HomeFurther DiscussionIsaiah 13-27 – The Judge Who Brings Down and Lifts Up

Isaiah 13-27 – The Judge Who Brings Down and Lifts Up

-By Pastor Ashley Brown

Our Culture’s Problem with Judgment

Talking about God’s judgment can make God sound unloving. After all, we live in a society where one of the worst possible insults is “judgmental”. However, when we slow down to think clearly about judgment and love, we find God’s judgment and love go hand-in-hand.

Judgment and Love

God’s righteous wrath toward evil flows from His love, rather than against it. Think about it. How do you respond when someone you love is being destroyed by disease, choices, or relationships? Do you just take an attitude of nonchalant tolerance? No! You feel anger toward whatever is destroying the person you love! So, we see anger and judgment are not the opposite of love. Rather, we direct them, rightly or wrongly, at whatever threatens that which we love. As Timothy Keller has written, “God’s wrath flows from his love and delight in his creation. He is angry at evil and injustice because it is destroying its peace and integrity.” (Tim Keller, The Reason for God, 73)

Are People that Evil?

Some argue that people, as a whole, are not evil enough to warrant God’s judgment on entire nations and the world. However, in my personal experience, people only make this objection in the modern Western world. People in other parts of the world do not have any difficulty with God’s judgment. Rather, their difficulty comes in the reality of God’s mercy toward sinners. Roll into an Afghan village where the Taliban just finished making an example of people, including children. You will never again have trouble believing in deep, life-shattering evil that deserves God’s righteous wrath. Some words by Miroslav Volf come to mind. He is a Croatian theologian who grew up in Communist Yugoslavia and witnessed the brutality of the Balkan wars. He writes,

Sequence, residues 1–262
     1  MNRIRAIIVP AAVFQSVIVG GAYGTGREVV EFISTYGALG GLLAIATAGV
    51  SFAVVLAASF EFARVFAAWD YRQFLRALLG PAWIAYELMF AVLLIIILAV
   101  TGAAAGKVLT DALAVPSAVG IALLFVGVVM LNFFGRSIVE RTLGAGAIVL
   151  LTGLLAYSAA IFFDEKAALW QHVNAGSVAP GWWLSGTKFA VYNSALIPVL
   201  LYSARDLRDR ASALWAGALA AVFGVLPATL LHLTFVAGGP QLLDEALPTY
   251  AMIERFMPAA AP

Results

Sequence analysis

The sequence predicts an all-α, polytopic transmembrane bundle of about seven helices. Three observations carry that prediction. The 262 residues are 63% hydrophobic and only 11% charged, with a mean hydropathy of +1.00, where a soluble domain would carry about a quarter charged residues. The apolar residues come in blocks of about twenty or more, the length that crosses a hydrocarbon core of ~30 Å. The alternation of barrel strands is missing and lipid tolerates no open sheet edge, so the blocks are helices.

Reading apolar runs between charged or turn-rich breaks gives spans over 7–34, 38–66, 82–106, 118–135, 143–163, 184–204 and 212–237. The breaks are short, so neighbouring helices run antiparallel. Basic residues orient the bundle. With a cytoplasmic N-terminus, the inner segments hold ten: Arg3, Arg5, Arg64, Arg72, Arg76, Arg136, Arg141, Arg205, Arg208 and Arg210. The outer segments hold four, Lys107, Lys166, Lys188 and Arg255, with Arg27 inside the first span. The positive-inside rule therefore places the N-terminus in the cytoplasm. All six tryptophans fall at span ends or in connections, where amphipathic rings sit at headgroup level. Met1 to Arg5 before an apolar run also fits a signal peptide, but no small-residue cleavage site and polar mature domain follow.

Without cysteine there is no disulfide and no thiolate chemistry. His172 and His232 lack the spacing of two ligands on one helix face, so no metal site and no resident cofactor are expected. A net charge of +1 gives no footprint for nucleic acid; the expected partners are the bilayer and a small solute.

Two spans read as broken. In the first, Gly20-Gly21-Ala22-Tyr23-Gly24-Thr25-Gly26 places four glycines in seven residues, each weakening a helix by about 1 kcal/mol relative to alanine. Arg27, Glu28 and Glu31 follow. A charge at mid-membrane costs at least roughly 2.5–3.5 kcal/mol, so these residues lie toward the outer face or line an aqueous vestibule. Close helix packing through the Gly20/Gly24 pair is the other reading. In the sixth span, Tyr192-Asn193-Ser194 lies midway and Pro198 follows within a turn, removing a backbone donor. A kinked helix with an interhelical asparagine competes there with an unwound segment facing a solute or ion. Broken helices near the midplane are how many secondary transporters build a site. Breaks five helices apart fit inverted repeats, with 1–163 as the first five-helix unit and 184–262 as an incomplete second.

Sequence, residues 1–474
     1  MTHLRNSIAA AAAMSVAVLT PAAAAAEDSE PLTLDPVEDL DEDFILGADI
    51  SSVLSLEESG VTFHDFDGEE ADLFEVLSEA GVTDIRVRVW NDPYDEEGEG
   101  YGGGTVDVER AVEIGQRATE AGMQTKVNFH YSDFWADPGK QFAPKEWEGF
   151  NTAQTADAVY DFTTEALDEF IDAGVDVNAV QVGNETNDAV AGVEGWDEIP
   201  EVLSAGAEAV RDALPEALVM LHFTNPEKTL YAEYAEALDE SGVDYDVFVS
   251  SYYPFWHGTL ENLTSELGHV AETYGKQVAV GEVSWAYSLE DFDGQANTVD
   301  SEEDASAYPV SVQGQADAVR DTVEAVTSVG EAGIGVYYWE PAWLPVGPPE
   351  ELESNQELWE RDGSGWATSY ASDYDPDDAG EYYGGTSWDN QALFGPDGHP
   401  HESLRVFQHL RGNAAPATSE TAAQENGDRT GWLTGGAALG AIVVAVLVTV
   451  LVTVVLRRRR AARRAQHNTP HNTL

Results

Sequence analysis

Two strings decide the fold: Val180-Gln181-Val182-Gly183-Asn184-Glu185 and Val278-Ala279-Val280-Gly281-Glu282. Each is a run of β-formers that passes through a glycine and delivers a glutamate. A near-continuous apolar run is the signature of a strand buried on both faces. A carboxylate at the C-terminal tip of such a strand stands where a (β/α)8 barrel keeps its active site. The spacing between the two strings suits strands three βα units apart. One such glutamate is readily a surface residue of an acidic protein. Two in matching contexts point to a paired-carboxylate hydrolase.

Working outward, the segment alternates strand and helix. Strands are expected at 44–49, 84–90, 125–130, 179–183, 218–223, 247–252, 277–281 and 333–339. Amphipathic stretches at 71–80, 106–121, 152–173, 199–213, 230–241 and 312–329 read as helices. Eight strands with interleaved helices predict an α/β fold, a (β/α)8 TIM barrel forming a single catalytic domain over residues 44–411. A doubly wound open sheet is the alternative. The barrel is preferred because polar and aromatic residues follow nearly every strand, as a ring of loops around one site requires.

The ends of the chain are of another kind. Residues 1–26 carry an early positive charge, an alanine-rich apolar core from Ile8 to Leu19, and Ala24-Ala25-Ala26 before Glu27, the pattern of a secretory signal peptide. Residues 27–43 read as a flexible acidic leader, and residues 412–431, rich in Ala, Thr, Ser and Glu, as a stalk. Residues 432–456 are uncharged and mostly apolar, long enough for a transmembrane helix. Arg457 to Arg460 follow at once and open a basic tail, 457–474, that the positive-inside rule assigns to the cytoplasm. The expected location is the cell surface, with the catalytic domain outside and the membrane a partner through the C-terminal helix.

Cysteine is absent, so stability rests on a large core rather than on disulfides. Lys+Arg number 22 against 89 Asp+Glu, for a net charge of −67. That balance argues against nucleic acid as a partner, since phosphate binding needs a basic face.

“If God were not angry at injustice and deception and did not make the final end to violence, God would not be worthy of our worship. …My thesis – that the practice of nonviolence requires a belief in divine vengeance – will be unpopular with many Christians, especially… in the West. To the person who is inclined to dismiss it, I suggest imagining that you are delivering a lecture in a war zone. …Among your listeners are people whose cities and villages have been first plundered, then burned and leveled to the ground, whose daughters and sisters have been raped, whose fathers and brothers have had their throats slit. …Soon you would discover that it takes the quiet of a suburban home for the birth of the thesis that human nonviolence corresponds to God’s refusal to judge. In a scorched land, soaked in the blood of the innocent, [this modern Western theory] will invariably die.” (Miroslav Volf, Exclusion & Embrace, 303-304)

In fact, my ability to be non-judgmental and not seek vengeance toward those who commit atrocious evil depends entirely upon the reality that there is a Judge… and He’s not me!

God’s Righteous Judgment on Our Sin

You see, whether or not this reality sits comfortably with us, evil resides deep in the heart of Man. God must judge that evil to be truly good and righteous. Every single person in all of human history has this sort of evil dwelling in his heart. We all harbor evil within us that deserves God’s unwavering judgment. That’s why Isaiah wraps up his series of oracles against the nations by pronouncing God’s coming judgment on the whole earth.

“The earth lies defiled under its inhabitants; for they have transgressed the laws, violated the statutes, broken the everlasting covenant. Therefore a curse devours the earth, and its inhabitants suffer for their guilt; therefore the inhabitants of the earth are scorched, and few men are left.” (Isa. 24:5-6)

Isaiah is clear. We, as an entire race, have defiled the earth with our sin. We have gone against that which we know is right. Every one of us. We deserve judgment. Thankfully, the same Judge who brings down will also lift up.

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